Graphic designer, publisher, and curator Magdalena Heliasz is an expert of the Polish graphic design scene. In 2011 she created Print Control — an online platform and annual magazine for promoting Polish design through publishing, exhibitions, and cultural events. In these eight years she has been seeking out the best examples of graphic design and building a comprehensive collection of works.
Magdalena Heliasz was one of the invited speakers at the conference «Workflow. Conversations on book design and publishing», organised by the platform Latvian Literature in Riga.
You are the creator of Print Control — a platform for promoting Polish graphic design. How did it begin?
I started to write a blog about Polish graphic design when I graduated from the Academy of Arts in 2011. Print design was starting to get popular and there were interesting examples already but they weren’t collected in one place. Soon everyone was becoming enthusiastic about the blog, especially graphic designers. A year and a half later I contacted an institution that promotes Polish culture abroad — the Adam Mickiewicz Institute. Together we decided that we could print the content of my blog in an annual magazine. On the internet, you can collect everything but when you’re scrolling and scrolling, somehow it disappears somewhere. So I thought it would be better to document it on paper to last longer.
This December we are going to publish the eighth issue of the magazine and it will focus on illustration. Every issue has a theme and the content is divided into two main sections — the first part focuses on printed graphic design and the second is made up of interviews with graphic designers. For instance, the theme of the fifth issue was cooperation, and we interviewed graphic designer Jakub de Barbaro who together with friends decided to make a gallery in a van. They drove through Poland and set up exhibitions in little towns. I found it very moving because they did it mostly in places that don’t have any cultural institutions. I think, this is a good example of how graphic designers can cooperate in different fields and work for the benefit of people who are not in any way close to art or design.
Apart from the Museum of Posters in Warsaw, the Association of Graphic Designers STGU, a little design gallery BWA in Wrocław, and a couple of design festivals or conferences in Poznań, Gdynia, and Łódź, there are no museums or any other national institutions that would promote the work of graphic designers and educate the general public about visual communication. There should be more initiatives to inform the society about the importance of the visual aspects of public spaces and the work of professional graphic designers. Unfortunately, they are often not invited to take part in the design of new spaces or renovation projects.
How exactly does the Print Control platform operate?
My job is to constantly follow what is going on in the Polish graphic design scene. Once a year I put an open call online, so designers can send in their projects as well. Afterwards, I try to make a selection of 100 projects. For the printed issue, I divide them into three categories: posters, publications, and identities. Obviously, my actual goal isn’t to divide them into three sections but to find the widest range of graphic designers in Poland. I try to include examples from various cities, not only from Warsaw. I am not a historian of art or design and the shortlist is my personal selection but I try to be fair. I really hope that this collection will be useful in the future.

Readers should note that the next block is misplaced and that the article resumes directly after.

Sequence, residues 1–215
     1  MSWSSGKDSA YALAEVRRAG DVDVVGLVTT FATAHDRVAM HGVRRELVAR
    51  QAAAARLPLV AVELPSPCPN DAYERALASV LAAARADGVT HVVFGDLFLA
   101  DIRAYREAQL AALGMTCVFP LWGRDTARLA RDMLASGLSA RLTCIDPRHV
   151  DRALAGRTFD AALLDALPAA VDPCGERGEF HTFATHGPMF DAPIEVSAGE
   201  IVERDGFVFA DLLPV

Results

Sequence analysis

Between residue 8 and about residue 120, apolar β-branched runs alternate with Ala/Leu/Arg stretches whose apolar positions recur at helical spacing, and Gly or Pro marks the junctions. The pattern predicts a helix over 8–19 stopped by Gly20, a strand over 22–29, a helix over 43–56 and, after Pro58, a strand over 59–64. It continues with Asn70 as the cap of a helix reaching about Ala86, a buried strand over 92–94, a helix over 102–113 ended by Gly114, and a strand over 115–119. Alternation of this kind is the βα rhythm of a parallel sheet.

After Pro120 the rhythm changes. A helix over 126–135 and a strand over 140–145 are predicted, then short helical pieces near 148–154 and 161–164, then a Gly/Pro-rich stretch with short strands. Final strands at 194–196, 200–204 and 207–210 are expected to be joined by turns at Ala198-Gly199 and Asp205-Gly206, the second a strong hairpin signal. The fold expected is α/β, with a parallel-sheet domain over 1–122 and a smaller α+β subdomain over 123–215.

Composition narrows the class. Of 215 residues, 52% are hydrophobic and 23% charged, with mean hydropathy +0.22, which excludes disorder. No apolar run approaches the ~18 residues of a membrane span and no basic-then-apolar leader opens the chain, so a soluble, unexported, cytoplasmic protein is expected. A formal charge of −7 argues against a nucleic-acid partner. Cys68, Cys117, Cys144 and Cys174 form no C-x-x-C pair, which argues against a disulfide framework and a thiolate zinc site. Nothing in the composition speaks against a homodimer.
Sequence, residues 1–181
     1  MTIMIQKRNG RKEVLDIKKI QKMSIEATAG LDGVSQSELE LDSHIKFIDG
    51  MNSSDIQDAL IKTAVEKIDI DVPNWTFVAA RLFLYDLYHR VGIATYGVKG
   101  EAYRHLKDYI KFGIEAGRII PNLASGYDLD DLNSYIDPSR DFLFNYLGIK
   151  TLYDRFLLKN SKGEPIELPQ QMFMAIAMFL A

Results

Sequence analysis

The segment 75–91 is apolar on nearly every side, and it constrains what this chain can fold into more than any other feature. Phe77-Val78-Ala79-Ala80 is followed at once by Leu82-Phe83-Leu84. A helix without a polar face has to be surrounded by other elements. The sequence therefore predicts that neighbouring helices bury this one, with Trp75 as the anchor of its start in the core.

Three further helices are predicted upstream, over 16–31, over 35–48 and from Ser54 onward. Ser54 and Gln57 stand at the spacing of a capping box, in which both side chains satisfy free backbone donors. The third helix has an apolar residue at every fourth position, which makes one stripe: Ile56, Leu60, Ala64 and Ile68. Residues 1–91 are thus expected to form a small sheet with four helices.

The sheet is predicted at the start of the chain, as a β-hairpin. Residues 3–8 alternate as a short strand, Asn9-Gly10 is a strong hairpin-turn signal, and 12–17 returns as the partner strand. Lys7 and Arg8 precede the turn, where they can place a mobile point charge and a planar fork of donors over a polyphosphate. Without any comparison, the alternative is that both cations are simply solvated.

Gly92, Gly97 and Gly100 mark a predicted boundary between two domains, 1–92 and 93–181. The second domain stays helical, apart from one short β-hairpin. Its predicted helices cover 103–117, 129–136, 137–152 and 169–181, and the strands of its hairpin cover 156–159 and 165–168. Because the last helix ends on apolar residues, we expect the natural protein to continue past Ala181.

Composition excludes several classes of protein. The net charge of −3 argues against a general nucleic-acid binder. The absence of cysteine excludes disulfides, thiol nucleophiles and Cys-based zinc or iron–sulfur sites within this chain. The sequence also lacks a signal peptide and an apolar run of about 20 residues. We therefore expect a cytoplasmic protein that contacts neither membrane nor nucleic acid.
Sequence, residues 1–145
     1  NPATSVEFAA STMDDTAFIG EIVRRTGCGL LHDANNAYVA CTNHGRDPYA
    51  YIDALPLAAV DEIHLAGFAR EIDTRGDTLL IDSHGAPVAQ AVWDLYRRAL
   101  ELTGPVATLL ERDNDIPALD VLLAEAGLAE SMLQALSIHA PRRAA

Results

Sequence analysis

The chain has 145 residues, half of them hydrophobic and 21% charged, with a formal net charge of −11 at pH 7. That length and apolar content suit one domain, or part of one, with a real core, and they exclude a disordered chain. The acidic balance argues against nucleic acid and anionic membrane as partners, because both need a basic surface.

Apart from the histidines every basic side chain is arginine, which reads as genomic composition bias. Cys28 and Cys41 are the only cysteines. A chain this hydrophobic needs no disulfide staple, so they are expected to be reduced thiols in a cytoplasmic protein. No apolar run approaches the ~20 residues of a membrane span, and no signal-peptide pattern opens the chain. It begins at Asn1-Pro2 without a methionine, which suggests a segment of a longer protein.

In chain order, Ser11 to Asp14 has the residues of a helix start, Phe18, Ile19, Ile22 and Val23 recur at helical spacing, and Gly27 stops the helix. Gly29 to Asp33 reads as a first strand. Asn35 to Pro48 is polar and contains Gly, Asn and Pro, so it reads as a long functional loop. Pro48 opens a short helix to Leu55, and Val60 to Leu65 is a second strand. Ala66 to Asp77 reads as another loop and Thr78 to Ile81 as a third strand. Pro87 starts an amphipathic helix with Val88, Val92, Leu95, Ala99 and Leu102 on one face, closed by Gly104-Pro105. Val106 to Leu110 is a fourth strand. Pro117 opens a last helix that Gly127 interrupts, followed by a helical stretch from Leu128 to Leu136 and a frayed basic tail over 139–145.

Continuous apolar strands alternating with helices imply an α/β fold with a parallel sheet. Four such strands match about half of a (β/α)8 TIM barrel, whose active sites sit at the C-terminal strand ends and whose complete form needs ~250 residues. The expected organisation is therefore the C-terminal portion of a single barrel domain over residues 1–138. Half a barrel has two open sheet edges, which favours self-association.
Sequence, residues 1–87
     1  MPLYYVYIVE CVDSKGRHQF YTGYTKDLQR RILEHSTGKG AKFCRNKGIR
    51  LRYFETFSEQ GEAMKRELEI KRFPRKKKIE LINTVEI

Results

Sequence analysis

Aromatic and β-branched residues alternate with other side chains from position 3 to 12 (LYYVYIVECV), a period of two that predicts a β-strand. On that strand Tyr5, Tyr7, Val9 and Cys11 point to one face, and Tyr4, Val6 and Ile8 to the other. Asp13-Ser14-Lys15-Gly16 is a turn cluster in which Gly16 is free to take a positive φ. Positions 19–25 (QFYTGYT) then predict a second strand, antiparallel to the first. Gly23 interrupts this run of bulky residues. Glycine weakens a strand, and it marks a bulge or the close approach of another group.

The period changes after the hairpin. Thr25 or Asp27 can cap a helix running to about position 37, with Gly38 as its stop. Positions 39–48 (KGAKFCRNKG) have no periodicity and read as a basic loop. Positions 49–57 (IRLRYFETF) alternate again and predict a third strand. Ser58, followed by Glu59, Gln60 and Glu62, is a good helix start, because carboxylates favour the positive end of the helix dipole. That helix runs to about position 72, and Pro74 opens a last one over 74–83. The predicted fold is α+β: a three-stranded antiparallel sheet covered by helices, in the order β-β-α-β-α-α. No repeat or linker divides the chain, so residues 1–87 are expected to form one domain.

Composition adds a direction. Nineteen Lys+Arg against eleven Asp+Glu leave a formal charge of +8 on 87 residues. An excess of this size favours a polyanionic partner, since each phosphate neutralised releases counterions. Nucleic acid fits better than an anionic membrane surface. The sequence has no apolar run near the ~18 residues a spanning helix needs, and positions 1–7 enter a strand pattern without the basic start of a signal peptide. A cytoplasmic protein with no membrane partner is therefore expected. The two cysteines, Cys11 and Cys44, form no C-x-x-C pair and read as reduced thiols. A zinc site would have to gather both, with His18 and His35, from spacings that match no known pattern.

What has changed in the Polish graphic design scene over these eight years while you’ve been running the platform?
After the publishing of each issue of the magazine I organise a small exhibition where graphic designers can come together — it’s a social thing. What I remember from the first exhibitions — people were really excited and I thought back then that the socialising of professionals is really important. Today there are many more initiatives and festivals, and workshops held in Poland.
In terms of print design, in the beginning graphic designers were a bit timid but they were really looking forward to experimenting. When designers realised that there’s a whole bunch of different technologies and papers, and different bindings available, they were so eager to use them that in some cases they overdesigned things. Now graphic design is becoming calmer and designers use the technique that is appropriate for the project, and are more thoughtful about their choices. The Polish graphic design scene is still developing. Designers are looking for inspiration in the past while trying to find their identity. Some graphic designers in Poland are focusing on their local environment. That wasn’t so common before because they were more fascinated with what was trendy abroad, especially in the West. There is a group in Gdansk called Traffic Design that is trying to revitalise the city — they are refurbishing the facades of buildings, and signs. Also, an independent typography project was held in Warsaw — Warsaw Types / Warszawskie Kroje — as a result of which a series of twelve new typefaces was created based on the old lettering, signage, neon signs, and shop windows that are disappearing from our capital.